Criticism, blame, and judgement

What happens on judgment day to a believer who constantly criticizes others, blames everyone else for his problems, and refuses to forgive others by always bringing up their past wrongdoing?


I cannot say definitively what will happen on the Last Day to this constantly critical person because I cannot look into his heart. He may be a weak or immature believer reminiscent of the Corinthians with their habitually bad behavior (see 1 Corinthians 1:11; 3:1-3). Or he may be an unbeliever whose profession of faith is empty. But I can say that we all have to deal with critical people, even in the church, and important issues need to be identified and addressed whenever that happens.

I appreciate the fact that you are asking the question and expressing concern. It is not normal for believers to be so characteristically or chronically critical of others. We should not ignore, much less excuse, such behavior or take it lightly.


You describe a faultfinding lifestyle trait. This is disturbing. All of us have bad moments, are subject to bad moods, and can be critical at times. But the Bible describes a child of God as one whose dominant lifestyle is governed by the new man rather than the old. We're not talking about ethical perfection, but we are talking about a discernible habitual pattern of godly attitudes and actions, fueled and maintained by the Holy Spirit through the gospel. Constant depreciation of others and an unforgiving attitude are not compatible with true faith (as James 3:9-12 and Matthew 18:21-35 illustrate well). So we take this situation seriously.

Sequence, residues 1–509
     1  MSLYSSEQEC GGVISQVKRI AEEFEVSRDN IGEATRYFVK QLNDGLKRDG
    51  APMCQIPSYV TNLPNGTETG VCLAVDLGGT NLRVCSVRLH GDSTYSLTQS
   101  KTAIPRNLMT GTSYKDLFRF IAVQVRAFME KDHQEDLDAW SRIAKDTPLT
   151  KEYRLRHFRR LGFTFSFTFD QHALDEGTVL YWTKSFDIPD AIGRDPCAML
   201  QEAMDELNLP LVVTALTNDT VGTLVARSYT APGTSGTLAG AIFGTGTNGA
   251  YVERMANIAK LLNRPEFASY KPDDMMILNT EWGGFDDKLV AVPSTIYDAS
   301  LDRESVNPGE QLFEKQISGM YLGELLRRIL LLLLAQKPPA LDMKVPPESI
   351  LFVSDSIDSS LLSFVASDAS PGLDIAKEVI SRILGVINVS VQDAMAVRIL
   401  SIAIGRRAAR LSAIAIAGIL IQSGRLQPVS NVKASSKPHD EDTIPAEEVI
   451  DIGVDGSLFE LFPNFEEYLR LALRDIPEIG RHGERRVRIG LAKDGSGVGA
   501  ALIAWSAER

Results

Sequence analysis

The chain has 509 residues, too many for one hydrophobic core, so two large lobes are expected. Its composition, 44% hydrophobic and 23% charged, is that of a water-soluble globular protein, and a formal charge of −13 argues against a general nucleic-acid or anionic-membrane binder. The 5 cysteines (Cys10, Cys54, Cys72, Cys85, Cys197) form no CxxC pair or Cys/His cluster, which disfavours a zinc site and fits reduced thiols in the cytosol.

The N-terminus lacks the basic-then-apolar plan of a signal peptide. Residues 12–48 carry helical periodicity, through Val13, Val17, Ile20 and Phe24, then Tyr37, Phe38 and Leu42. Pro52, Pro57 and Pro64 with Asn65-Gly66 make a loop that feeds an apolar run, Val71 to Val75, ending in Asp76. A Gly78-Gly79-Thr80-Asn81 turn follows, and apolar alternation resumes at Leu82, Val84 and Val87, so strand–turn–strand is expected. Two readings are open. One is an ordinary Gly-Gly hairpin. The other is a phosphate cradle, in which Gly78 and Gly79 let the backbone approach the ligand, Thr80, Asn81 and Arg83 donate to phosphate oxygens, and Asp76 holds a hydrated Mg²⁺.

Even if faith remains, denigrating others is not living a life "worthy of the calling [we] have received" (Ephesians 4:1). There may well be serious psychological and social issues to be addressed. Most often, as the old adage says, "hurting people hurt people." Low self-esteem and insecurity are frequently involved, and miserable people tend to prefer—or seek to create—miserable companions. Even if it's more of a superficial matter of lacking social skills like diplomacy and tact, this is serious stuff for the Christian community, since we represent our Lord when we interact with others.


We are to be agents of change not just identifiers of bad behavior. I am to speak straightforwardly with the critic, confront unacceptable speech, and hold professing believers in particular to biblical norms. Our Lord's clear counsel in Matthew 18:15-20 applies to this kind of situation as it does with any other departure from the command to "love your neighbor as yourself." Within the church this always involves a compassionate use of law and gospel to expose sin and underscore the grace of God for sinners. Enlist the help of fellow believers who know the person and his behavior patterns. The primary goal is to serve the person's spiritual as well as emotional needs. A companion blessing of serving the critic's needs is that it keeps us from growing bitter or becoming enablers of bad behavior through silence.

Be patient in your loving testimony to the critic. Change may not be apparent overnight. Ingrained behavior patterns are notoriously difficult to amend even if the person is repentant and growing spiritually. Expect fruits of faith, but be realistic in your expectations as you entrust the person to God's Word and Spirit, and continue your testimony to him and intercessions to God on his behalf.

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